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The bamboo laminas were cold-pressed in the panel with C-clamps, and the boards were dried in a controlled room for 48 h (65±5% and 20±3 °C). The boards were then machined to reach a thickness of 18 mm, using a surface planer to standardize the samples. After this manufacture process, six boards were cut in the final dimensions of the samples (400 mm × 400 mm × 18 mm, including two layers of bamboo lamina with 1.5 mm of thickness per layer) for the mechanical tests. Standardization was verified with a digital caliper. Finally, the panels were taken to a planer to regularize the lateral surfaces. In this research, two mechanical tests with the panels were performed based on standard NBR 14810 (2006) for modulus of rupture (MOR) in static bending and tensile strength parallel-to-surface. Two different laboratory-produced board treatments were considered: standard MDP without bamboo laminas (Tr 1) and MDP reinforced with bamboo laminas (Tr 2). To verify the influence of the bamboo addition in mechanical properties of the produced MDP, an average of the samples, the standard deviation, and the coefficient of variance were recorded in the results.

RESULTS AND DISCUSSION All tests performed respected the prescriptive requirements of Brazilian Standard (ABNT) NBR 14810 (2006), giving a satisfactory return in relation to the reliability of the application of bamboo Dendrocalamus giganteus as for utilization in large spans. Some examples of such applications are in flooring for mezzanines with finishing on both sides and robust furniture as tabletops and table frames, beds, bookshelves, etc. Figure 1 shows two steps in the manufacturing of the particleboard reinforced with bamboo laminas. Figure 1a shows the board after the gluing and pressing stages, and Fig. 1b illustrates machining stage to finish and to standardize the board dimensions.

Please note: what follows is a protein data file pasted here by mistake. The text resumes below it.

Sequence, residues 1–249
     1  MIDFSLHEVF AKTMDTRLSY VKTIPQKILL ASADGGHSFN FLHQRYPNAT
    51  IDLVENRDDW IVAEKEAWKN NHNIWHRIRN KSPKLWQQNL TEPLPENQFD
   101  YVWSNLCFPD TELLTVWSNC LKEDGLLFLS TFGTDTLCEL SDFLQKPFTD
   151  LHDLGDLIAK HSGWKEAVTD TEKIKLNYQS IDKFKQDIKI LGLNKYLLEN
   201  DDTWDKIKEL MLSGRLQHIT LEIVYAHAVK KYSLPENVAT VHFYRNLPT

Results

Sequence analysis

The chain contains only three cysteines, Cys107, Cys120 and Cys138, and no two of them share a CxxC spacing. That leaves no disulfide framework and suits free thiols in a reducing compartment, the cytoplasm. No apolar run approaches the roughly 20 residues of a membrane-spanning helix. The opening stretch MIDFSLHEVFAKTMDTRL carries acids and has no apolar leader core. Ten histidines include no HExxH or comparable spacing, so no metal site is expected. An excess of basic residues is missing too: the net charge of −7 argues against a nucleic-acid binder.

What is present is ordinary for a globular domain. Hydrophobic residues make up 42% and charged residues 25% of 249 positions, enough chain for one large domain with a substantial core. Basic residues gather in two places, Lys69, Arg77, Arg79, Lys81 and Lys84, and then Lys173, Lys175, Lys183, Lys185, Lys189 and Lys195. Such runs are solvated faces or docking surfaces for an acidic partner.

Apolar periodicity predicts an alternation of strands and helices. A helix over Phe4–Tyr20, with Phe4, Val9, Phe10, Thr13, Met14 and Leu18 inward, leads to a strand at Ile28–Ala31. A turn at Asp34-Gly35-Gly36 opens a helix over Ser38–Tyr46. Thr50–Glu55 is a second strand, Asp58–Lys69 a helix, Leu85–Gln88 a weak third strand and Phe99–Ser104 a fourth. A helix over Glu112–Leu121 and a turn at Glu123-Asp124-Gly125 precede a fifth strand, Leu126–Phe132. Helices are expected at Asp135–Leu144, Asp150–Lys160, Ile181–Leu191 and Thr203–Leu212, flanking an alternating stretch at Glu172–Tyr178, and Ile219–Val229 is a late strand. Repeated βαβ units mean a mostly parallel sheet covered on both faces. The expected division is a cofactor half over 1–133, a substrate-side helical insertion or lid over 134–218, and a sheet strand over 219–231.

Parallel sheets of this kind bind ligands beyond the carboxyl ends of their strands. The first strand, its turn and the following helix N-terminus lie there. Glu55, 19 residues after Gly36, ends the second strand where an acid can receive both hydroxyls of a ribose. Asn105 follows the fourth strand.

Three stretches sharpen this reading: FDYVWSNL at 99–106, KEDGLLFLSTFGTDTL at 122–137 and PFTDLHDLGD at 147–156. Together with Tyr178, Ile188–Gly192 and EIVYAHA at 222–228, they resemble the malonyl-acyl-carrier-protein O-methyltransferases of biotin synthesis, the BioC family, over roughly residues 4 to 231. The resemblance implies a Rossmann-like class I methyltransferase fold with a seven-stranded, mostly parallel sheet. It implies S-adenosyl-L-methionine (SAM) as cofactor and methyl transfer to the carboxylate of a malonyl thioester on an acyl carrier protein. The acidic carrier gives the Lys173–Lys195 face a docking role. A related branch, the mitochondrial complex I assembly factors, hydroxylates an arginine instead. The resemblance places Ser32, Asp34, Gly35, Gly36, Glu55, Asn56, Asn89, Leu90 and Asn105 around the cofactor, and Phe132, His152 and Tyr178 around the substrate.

a

b

Fig. 1. Manufacturing of the MDP (a) reinforced with bamboo and (b) the machining for finishing

Table 1 shows the values obtained in the static bending test of the MDP without bamboo laminas and MDP with two layers of bamboo lamina (top and bottom). The reinforced MDP with bamboo laminas (Tr 2) was found to be 2.4 times stronger than a MDP without reinforcement (Tr 1), according to the base value identified by the Brazilian standard NBR 14810 (2006), resulting in a resistant lignocellulosic panel. This treatment 2, with bamboo reinforcement, increased the MOR values and also decreased the coefficient of variation.

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Table 1. Static Bending Test Values Condition Average of Samples (MPa) Standard Deviation (MPa) Coefficient of Variation (%)

Static Bending test values – MOR Treatment 1 – without bamboo Treatment 2 – with bamboo 16.20 39.22 1.60 0.47 9.9 1.2

No similar study has investigated particleboard reinforced with bamboo laminas, however, some research about other kinds of lignocellulosic particleboards can be cited to emphasize the obtained results. McNatt (1973) obtained an average value of 16.2 MPa for MOR values of industrial wooden particleboards. At the same time, Papadopoulos (2006) produced a particleboard from a mixture of softwoods (fir and pine species) glued with urea-formaldehyde resin, achieving a MOR value of 13.10 MPa. Warmbier et al. (2014) evaluated the effect of willow particle contents (Salix viminalis) in particleboards, and obtained MOR values of 14.5, 14.0, and 13.1 MPa for the willow contents of 0, 50, and 100%, respectively. In comparison with all these composites, the reinforced boards produced in the present study showed a higher MOR average value. Table 2 shows the values obtained in the tensile strength parallel-to-surface test of MDP without bamboo and MDP with two-layers of bamboo lamina (top and bottom). Table 2. Tensile Strength Parallel-to-Surface Test Values Tensile Strength Parallel-to-Surface test values (MPa) Treatment 1 – without Treatment 2 – with bamboo bamboo Average of Samples (MPa) 9.17 31.67 Standard Deviation (MPa) 0.42 2.70 Coefficient of Variation (%) 4.6 8.6 Condition